Norwich Takes Centre Stage in Film Competition Entry


Norwich takes centre stage in shortlisted Shakespeare Shorts Film Competition entry.


31 October 2013

A former East Anglia university student who used Norwich as the setting for a film inspired by the August riots of 2011 – has been commended for his piece by judges of the first Shakespeare Shorts Film Competition, organised by the Shakespeare Birthplace Trust in Stratford-upon-Avon.

Robert Williams, who lives in Northampton, studied film at the university based in Norwich and decided to use the city as the backdrop for his 20 minute film. The piece centres around two wives and two soldiers divided by war who discuss the horror and conflict that it brings.

The 27 year-old said, “Norwich was the right setting for our film the Crackling Glade it offered the right atmosphere to explore the conflicts of war. During the production we went to a church called St Andrew in Lammas which was perfect for the final scene. Entering with cast and crew, I was surprised to see a glass bell chamber bathed in natural light, which was perfect for what we had envisaged for the film’s ending - one of those happy accidents.

“The film’s dialogue was influenced by Shakespeare, so we are delighted to be shortlisted for the Shakespeare Shorts Film Competition. The language of Shakespeare is very cinematic, but people forget that the images that Shakespeare’s words create can also be incredibly visually arresting.  The competition offered us the chance to present Shakespeare style language to a modern audience and to retain the beauty and rhythm of his original words.”

The Shakespeare Shorts Film Competition was launched last year as part of the first Shakespeare on Film Festival organised by the Shakespeare Birthplace Trust, the charity which cares for Shakespeare’s legacy in Stratford and promotes the enjoyment of Shakespeare around the world.  Film-makers of all ages were invited to produce a Shakespeare-related film using anyform of technology from a smart phone to camera equipment. Films were either a performance of Shakespeare or an interpretation of the work of England’s most famous playwright.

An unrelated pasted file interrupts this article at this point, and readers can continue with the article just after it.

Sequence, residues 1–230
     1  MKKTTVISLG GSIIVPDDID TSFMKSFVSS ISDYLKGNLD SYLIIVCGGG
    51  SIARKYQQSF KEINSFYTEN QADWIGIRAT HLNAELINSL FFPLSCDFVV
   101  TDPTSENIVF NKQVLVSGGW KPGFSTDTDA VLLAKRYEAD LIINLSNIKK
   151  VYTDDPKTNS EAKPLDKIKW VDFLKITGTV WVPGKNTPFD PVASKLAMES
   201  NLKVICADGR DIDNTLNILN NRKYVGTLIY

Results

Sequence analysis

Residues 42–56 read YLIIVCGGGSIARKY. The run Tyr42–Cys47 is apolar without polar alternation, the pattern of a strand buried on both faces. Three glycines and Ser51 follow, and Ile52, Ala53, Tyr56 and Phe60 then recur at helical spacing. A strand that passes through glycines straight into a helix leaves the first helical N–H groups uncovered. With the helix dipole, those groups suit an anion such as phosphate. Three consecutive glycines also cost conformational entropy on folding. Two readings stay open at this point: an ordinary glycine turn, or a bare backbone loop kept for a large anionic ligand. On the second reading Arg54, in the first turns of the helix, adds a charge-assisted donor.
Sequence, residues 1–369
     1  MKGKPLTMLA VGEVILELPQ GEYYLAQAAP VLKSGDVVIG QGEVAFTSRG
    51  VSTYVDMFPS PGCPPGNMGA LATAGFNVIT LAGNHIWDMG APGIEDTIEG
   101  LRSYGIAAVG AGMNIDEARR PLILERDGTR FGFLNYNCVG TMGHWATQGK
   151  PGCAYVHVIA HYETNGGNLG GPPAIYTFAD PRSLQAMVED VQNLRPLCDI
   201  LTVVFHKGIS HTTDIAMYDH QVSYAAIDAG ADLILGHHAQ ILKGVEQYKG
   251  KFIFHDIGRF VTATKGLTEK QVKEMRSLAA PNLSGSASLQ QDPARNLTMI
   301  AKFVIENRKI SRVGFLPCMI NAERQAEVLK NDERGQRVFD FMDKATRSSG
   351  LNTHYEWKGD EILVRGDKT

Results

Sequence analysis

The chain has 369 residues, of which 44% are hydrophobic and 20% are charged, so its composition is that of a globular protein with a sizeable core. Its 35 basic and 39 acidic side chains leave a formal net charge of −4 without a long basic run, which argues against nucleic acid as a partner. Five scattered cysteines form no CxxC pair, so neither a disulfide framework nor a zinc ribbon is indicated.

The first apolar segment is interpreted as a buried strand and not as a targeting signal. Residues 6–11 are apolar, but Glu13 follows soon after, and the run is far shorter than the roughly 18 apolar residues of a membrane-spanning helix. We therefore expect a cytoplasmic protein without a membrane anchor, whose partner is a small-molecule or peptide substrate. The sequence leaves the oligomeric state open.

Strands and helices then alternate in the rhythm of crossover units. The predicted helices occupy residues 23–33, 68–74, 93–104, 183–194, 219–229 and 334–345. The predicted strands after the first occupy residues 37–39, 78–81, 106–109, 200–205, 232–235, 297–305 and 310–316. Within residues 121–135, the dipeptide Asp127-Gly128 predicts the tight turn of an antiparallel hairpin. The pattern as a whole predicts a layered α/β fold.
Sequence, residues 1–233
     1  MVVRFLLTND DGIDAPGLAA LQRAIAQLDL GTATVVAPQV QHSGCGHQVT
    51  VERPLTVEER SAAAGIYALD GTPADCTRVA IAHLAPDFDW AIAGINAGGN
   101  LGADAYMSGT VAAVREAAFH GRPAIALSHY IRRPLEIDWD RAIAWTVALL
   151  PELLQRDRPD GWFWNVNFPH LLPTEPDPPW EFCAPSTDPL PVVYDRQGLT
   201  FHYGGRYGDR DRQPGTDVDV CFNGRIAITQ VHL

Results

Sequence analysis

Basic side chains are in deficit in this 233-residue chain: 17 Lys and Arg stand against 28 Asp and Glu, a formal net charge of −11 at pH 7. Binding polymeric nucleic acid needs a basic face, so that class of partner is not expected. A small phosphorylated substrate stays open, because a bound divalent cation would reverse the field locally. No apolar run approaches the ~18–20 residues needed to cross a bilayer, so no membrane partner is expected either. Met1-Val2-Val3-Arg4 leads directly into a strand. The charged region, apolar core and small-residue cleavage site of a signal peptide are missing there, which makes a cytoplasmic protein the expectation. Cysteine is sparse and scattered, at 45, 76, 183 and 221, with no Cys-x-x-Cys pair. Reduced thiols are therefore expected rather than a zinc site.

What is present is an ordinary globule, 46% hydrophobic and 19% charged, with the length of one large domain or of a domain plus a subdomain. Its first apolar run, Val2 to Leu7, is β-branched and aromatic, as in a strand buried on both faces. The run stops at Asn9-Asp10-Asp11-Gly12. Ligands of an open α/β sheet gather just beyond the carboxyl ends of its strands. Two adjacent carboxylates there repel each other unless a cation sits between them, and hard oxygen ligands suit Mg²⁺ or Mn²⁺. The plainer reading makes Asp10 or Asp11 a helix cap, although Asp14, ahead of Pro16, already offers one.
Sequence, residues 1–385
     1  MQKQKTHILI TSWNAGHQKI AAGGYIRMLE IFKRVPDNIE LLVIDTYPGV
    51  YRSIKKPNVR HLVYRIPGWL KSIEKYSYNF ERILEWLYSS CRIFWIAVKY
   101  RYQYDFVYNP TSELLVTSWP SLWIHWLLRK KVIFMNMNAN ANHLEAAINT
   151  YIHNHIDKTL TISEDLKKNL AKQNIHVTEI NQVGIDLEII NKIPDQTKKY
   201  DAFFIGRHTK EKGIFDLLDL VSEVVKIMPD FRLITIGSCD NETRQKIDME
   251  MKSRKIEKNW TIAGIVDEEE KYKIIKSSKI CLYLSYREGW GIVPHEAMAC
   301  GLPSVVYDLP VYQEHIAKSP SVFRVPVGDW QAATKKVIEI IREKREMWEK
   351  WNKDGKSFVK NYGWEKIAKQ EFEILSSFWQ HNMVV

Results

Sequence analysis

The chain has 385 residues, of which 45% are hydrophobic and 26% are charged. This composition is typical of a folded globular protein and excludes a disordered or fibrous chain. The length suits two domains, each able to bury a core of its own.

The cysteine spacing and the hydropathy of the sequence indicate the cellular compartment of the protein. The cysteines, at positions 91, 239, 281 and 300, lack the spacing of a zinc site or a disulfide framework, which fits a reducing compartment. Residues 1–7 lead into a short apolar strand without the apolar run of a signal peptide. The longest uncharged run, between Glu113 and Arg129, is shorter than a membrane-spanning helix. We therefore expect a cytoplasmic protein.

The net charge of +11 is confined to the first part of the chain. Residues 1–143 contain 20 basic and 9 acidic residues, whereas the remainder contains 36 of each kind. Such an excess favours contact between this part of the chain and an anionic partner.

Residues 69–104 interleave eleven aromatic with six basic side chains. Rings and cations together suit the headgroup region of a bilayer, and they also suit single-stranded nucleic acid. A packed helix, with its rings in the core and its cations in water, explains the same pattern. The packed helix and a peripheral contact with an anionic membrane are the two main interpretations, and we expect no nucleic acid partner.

Judges of the competition included director Rupert Goold who has just finished filming True Story with American star James Franco, actress Kate Fleetwood who featured in this year’s Oscar hit Les Miserables, Sydney based award-winning film-maker Jason Wingrove, AJ and Melissa Leon of Misfit Inc who helped organise the competition and the Shakespeare Birthplace Trust’s Marion Morgan who organised the Shakespeare on Film Festival and competition.

Top prize went to Polish theatre student Agnieszka Slisz, for her film called Julia, based on Shakespeare’s Romeo and Juliet.  Also shortlisted was London film-maker Joe Spray with his entry the Eternal Not based on Shakespeare’s All’s Well That Ends Well.

Marion Morgan, Event Officer at the Shakespeare Birthplace Trust, said, “All of the entries were of such a high standard that it was really difficult to make a decision. Robert’s entry showed a different treatment and response to the work of Shakespeare and although not based on a specific play, the film sounds and feels just like it could be from Shakespeare’s time. A competition like this shows the many ways Shakespeare’s creative influence is inspiring new cinematic talent.”

To watch Robert’s entry visit the Shakespeare Birthplace Trust’s Facebook page - Shakespeare Birthplace Trust Facebook page – search for ShakespeareBT.

Details of next year’s festival and competition dates will be announced shortly on the Shakespeare Birthplace Trust website – www.shakespeare.org.uk

Notes to editors:

Press release date: 31 October 2013

For more information or to interview Robert please contact Press and Public Affairs Officer Nurinder Mantell on 01789 207136.

The Shakespeare Birthplace Trust is the independent charity that cares for the world’s greatest Shakespeare heritage sites in Stratford-upon-Avon, and promotes the enjoyment and understanding of Shakespeare’s works, life and times all over the world. The charity runs formal and informal educational programmes for people of all ages. It holds the world’s largest Shakespeare-related museum and archives open free to the public, a collection which is designated as being of international importance. The Shakespeare Birthplace Trust receives no public subsidy or direct government funding; it depends on income generated through the support of visitors, donors, volunteers and Friends.